Getting outside the building

At the end of the class, the team was determined to get their work in the hands of operators across the Joint Force. The Agrippa team took this mission into their own hands, and cold-called dozens of senior leaders to set up out-briefs. They wound up coordinating a full week of briefings at six bases across southern California and Hawaii, briefing over 100 warfighters and senior leaders across the Navy, Marine Corps, Army and Air Force, highlighted by briefs at U.S. Indo-Pacific Command and at Pearl Harbor to the U.S. Pacific Fleet. That trip was a defining moment for each student.

“We discovered how important it is to ‘get out of the building,’ meeting people in person and hearing feedback one-on-one on our concept,” said Deemer. The power of the dialogue between students and warfighters so central to H4D made an incredible impact on the students.

“For us, the overwhelmingly positive feedback we received on this trip solidified our decision to continue working on this project. We knew we could really contribute and fill a need,” said Deemer. 

These initial engagements proved invaluable in the team’s continued work, as the team continues to regularly engage senior leaders and stakeholders across the Indo-Pacific.

A life pivot for each team member 

Their decision to continue to work on their H4D problem was a milestone in each of their lives.  

“H4D really changed my perspective and what I wanted to do,” said Duchynski, who was completing his undergraduate degree and pivoted away from a full-time position at an investment firm. “That's what I figured I would be doing before signing up for this class,” he explained.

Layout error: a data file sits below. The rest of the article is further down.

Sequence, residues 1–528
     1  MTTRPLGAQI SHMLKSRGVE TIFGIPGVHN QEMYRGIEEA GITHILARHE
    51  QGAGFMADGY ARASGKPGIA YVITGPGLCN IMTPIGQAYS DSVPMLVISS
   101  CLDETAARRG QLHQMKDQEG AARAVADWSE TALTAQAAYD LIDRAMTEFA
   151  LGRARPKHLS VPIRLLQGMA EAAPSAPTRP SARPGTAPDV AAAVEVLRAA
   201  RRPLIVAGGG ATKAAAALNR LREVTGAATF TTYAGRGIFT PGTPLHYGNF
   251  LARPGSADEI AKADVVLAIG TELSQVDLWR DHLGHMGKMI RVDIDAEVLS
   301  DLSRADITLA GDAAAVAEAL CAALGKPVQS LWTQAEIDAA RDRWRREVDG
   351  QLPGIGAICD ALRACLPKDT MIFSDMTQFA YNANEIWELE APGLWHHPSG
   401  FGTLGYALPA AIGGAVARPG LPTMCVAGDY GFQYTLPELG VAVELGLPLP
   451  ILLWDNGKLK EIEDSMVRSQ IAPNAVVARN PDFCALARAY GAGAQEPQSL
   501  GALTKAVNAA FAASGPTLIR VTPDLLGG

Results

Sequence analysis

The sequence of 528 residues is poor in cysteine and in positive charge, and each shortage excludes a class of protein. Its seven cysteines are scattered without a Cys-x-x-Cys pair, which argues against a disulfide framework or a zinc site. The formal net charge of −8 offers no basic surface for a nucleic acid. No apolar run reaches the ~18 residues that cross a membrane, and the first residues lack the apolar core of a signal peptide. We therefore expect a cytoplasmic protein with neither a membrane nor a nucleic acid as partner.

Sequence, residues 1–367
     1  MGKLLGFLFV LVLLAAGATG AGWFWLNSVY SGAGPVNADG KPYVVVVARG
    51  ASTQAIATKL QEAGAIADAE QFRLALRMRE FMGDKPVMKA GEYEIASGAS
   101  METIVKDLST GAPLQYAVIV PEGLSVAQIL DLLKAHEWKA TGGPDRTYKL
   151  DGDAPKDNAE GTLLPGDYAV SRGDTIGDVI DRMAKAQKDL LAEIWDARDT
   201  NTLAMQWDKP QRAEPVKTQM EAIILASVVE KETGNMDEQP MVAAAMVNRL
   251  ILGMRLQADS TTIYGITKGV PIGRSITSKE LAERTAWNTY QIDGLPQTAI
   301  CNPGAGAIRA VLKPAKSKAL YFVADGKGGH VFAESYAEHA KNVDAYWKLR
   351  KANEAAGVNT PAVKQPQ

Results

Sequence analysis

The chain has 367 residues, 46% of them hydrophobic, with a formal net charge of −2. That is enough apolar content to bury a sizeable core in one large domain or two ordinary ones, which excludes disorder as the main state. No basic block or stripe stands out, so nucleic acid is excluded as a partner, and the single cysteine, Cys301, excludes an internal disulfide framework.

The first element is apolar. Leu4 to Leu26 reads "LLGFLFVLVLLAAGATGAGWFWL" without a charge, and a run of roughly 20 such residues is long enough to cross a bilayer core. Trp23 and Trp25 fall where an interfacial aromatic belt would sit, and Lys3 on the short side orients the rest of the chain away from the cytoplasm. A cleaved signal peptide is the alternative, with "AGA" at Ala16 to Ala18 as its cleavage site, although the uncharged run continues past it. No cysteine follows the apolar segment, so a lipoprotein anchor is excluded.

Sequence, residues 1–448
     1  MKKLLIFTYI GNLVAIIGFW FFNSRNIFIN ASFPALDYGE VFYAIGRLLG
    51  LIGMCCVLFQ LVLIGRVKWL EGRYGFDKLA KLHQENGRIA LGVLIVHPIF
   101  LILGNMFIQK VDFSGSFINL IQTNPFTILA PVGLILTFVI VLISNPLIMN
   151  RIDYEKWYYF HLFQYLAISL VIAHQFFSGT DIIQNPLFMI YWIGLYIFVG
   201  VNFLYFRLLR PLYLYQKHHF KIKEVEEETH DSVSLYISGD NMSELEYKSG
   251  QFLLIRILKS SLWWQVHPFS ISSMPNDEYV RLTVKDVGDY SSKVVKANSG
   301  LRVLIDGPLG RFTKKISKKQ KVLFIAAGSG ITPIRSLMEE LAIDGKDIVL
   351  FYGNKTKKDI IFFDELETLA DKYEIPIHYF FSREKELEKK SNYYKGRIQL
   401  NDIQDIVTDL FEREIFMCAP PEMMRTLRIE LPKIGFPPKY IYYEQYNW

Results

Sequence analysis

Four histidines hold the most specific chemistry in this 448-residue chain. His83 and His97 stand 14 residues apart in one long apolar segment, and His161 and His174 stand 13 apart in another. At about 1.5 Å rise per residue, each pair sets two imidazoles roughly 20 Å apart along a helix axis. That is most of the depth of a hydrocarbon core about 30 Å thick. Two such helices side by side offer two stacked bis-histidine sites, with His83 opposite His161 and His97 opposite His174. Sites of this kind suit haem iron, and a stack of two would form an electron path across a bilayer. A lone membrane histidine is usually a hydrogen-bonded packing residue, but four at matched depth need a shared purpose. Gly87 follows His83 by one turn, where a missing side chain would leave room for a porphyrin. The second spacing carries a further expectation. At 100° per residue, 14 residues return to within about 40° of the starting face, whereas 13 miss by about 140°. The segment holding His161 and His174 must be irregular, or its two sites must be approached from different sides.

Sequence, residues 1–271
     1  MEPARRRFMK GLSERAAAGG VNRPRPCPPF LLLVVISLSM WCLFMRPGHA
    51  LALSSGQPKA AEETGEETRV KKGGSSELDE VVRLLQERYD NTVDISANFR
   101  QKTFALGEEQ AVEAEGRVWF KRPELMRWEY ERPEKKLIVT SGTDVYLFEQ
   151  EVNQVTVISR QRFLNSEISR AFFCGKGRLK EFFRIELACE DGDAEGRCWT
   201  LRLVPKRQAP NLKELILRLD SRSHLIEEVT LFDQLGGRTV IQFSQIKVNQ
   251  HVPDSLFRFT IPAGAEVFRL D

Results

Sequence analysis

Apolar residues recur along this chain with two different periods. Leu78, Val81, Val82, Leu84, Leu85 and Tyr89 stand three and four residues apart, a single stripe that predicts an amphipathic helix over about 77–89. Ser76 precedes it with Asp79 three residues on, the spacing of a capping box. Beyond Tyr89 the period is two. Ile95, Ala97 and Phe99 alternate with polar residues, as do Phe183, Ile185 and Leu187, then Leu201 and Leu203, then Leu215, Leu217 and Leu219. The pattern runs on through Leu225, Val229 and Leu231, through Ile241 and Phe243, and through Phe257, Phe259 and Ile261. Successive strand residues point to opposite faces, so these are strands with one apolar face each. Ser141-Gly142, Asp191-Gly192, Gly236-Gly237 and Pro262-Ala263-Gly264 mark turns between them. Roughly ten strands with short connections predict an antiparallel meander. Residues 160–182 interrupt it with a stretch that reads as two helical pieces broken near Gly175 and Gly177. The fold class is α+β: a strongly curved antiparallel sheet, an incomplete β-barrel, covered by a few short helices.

The moment that stands out for him in that decision came after a briefing at the U.S. Pacific Fleet. A senior leader in the Navy approached the team to offer Agrippa a personal tour of Pearl Harbor. But it quickly became much more than just a visit to the base. Its powerful memorials and personal anecdotes from a three-decade long Navy career turned into the officer imploring the team to continue their work. Standing on the pier at the U.S.S. Utah Memorial where America’s last great power conflict in the Indo-Pacific began on Dec. 7th’s Day of Infamy, there was a moment that clicked for the team; “We knew we had to do this. There was no question about it,” said Duchynski.

The Pearl Harbor trip was equally transformative for Hoyt. “Coming out of Stanford's JD and MBA programs,” Hoyt said, “there were a lot of professional options for me to choose from. But after H4D, I knew U.S. national security is what I wanted to work on. I made two choices that defined my future: one was to do more work at Stanford by helping build The Gordian Knot Center for National Security Innovation and the second was to stay with the team to help launch Agrippa and create what the warfighter needs to help deter conflict and bolster American dynamism in the maritime space.” 

Healzer planned to start a Ph.D program after finishing his undergraduate work, but H4D “opened a new avenue of opportunity to engage in national security in such a dynamic way and launch a startup doing what I love with an incredible team,” he said, adding: “We are working toward a vision of a bright new future for the American maritime space, and thanks to H4D we’re better equipped and inspired to make it a reality.”

Deemer didn’t come from a military family or background but pursued active-duty service in the Army National Guard following the course. “Through our H4D work, we've been able to brief people at the highest levels—from the Deputy Secretary of Defense to those on the frontlines of the challenge. That exposure helped me solidify my lifelong desire to serve in uniform.”